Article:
Tuesday, February 4, 2014

How to prepare for an interview - 13

Back to a new set of problems. If you didn't read previous posts start from here. Read previous post here.

Remember you should discuss these solutions with me, and refer if there are mistakes or other good solutions.


121. Divide two numbers a and b.

122. Sort a binary tree and give the complixty of that.

123. Find all sub sets of size k from given set.

124. Given a sorted array and number x, return the index of this number in the array and if not exist return the index it should be inserted in.

125. Implement a read/write lock, given a mutex that has lock() and trylock() interface.

126. Prints the best collection of N coins that minimize the average number of minimum coins needed to generate values from 1 to M. So, if M = 100, and N = 4, then if we use the set {1, 5, 10, 25} to generate each value from 1 to 100, so that for each value the number of coins are minimized, i.e. 1 = 1 (1 coin), 2 = 1 + 1 (2 coins),..., 6 = 1 + 5 (2 coins), ..., 24 = 10 + 10 + 1 + 1 + 1 + 1 (6 coins), and we take the average of these coins, we would see that the average comes out to ~4.7. But if we instead use {1, 5, 18, 25}, the average would come out to be 3.7. We are to find that set of N coins, and print them, that produce the minimum average.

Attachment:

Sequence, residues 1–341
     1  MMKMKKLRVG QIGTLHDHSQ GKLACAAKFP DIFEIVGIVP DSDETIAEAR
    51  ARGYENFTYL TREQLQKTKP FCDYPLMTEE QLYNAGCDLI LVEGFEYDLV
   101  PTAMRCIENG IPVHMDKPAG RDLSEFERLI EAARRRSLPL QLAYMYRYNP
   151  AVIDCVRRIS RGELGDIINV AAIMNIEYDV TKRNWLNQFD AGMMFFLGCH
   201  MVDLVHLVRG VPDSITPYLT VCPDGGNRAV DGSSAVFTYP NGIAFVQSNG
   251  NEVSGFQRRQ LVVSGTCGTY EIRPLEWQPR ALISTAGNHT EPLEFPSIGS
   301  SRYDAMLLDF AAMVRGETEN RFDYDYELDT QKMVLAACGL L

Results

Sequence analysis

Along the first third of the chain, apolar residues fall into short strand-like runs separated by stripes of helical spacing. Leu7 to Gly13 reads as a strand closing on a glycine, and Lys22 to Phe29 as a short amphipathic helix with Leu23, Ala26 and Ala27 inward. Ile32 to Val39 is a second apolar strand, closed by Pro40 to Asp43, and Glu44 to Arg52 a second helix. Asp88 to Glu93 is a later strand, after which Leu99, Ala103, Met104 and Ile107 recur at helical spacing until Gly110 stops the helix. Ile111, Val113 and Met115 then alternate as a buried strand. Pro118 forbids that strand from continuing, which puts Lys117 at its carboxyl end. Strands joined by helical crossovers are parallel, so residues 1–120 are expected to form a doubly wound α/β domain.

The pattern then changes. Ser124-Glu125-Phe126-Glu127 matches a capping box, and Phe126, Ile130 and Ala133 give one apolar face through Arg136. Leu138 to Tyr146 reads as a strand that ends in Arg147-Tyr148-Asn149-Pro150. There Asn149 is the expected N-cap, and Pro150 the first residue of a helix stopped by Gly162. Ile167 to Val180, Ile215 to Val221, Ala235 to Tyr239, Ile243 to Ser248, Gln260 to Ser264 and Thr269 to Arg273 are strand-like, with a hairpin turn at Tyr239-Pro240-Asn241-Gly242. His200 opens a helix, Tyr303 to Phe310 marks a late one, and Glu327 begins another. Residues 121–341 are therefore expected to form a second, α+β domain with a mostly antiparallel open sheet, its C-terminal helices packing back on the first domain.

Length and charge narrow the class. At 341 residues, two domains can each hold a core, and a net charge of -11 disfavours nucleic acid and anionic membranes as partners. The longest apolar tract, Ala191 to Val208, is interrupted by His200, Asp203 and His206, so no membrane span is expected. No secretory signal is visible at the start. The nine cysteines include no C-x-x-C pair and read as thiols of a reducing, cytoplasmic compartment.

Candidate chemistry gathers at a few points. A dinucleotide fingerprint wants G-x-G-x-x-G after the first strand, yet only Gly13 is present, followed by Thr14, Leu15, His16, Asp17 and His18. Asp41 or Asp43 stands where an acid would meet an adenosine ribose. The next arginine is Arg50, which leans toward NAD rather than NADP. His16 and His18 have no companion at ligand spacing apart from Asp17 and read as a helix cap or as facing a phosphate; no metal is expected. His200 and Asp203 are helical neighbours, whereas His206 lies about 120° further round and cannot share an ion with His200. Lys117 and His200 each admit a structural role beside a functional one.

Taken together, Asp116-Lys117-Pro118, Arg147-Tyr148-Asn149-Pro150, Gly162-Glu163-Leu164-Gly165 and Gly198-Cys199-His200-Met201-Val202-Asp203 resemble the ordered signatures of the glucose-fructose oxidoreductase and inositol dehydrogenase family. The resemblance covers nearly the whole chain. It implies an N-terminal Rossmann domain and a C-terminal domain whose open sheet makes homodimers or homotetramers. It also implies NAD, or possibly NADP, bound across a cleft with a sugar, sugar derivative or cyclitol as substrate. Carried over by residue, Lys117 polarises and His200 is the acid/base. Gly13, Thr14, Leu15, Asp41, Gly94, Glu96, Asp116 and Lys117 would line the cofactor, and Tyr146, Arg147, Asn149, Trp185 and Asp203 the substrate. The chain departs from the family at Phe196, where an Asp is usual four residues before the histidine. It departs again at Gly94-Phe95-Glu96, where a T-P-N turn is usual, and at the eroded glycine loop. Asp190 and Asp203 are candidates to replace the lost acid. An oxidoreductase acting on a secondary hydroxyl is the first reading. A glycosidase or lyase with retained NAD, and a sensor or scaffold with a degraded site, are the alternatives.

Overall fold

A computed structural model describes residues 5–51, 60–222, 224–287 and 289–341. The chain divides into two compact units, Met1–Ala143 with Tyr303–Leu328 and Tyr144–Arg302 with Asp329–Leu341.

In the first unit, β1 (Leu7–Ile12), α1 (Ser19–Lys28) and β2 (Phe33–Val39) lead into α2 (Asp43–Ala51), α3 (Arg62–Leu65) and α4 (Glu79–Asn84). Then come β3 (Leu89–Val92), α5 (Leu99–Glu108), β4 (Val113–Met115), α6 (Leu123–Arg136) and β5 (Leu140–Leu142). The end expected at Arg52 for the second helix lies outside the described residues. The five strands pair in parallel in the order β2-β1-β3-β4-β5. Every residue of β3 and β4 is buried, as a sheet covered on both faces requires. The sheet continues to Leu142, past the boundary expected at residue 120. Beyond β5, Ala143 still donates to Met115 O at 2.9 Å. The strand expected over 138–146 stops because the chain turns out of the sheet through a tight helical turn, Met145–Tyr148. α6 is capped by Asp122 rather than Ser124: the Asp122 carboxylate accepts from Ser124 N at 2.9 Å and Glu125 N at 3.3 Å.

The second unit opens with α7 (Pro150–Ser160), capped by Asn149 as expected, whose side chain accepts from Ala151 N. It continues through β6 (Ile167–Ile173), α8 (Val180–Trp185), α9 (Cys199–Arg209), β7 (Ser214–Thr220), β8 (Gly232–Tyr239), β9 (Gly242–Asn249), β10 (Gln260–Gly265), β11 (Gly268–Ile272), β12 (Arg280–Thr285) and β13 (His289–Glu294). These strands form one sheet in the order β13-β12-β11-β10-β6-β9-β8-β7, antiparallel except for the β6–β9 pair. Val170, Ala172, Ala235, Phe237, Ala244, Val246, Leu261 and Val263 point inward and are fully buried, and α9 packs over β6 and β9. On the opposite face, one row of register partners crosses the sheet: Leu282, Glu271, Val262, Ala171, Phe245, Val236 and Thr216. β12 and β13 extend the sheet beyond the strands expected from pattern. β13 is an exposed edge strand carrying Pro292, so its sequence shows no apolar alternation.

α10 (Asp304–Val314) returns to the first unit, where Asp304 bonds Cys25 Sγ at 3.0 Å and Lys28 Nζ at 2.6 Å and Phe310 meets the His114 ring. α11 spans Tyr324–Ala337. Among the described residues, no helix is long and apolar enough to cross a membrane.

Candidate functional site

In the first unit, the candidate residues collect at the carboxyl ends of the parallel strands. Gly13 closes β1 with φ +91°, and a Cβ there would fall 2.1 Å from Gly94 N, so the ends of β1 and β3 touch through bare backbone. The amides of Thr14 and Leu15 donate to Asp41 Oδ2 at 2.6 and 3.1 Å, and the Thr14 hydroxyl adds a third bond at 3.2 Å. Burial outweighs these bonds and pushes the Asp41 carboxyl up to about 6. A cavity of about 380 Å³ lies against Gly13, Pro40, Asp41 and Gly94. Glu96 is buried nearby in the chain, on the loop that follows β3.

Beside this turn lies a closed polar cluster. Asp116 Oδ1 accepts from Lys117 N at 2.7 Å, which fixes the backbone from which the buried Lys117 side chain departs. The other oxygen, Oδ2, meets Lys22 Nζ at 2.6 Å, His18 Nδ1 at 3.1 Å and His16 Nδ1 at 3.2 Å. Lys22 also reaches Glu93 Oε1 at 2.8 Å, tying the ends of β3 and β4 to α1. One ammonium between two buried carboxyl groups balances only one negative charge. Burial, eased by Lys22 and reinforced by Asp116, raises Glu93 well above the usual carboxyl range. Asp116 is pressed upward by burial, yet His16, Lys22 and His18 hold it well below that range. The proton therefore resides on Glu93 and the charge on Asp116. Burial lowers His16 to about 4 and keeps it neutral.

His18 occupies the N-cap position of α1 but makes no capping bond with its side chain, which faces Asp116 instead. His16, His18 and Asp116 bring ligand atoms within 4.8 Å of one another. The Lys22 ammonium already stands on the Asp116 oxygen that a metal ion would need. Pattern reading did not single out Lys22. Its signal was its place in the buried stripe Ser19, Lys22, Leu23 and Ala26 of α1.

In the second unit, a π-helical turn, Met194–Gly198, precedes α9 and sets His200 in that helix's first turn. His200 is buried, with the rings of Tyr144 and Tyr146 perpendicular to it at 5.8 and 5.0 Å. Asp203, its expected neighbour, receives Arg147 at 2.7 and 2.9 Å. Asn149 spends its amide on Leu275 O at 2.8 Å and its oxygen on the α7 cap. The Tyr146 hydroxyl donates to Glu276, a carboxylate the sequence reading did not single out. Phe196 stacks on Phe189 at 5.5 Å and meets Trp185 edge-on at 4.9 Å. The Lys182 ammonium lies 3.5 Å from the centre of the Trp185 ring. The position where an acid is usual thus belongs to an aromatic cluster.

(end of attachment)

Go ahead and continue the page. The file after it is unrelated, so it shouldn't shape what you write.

127. Implement a stack using only queue(s).

128. Print a bst in a sorted order.

129. Write a function that returns the largest sum you can get by adding together numbers in non-adjacent indices from the array. I.e. you if you include the things stored in arr[i] in your sum, you can't include what is stored in arr[i-1] or arr[i+1].

130. Given a m*n grid starting from (1, 1). At any point (x, y), you have two choices for the next move:
     1) move to (x+y, y);
     2) move to (x, y+x);
From point (1, 1), how to move to (m, n) in least moves? (or there's no such a path).


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